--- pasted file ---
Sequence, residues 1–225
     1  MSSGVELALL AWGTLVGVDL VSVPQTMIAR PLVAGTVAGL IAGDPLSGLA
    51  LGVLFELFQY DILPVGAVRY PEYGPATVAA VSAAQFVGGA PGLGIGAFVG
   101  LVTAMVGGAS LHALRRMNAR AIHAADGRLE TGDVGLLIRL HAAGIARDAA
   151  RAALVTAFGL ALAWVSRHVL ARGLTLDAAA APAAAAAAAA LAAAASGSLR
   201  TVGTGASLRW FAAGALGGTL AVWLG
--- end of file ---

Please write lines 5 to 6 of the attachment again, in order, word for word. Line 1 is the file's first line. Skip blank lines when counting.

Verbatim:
   151  RAALVTAFGL ALAWVSRHVL ARGLTLDAAA APAAAAAAAA LAAAASGSLR
   201  TVGTGASLRW FAAGALGGTL AVWLG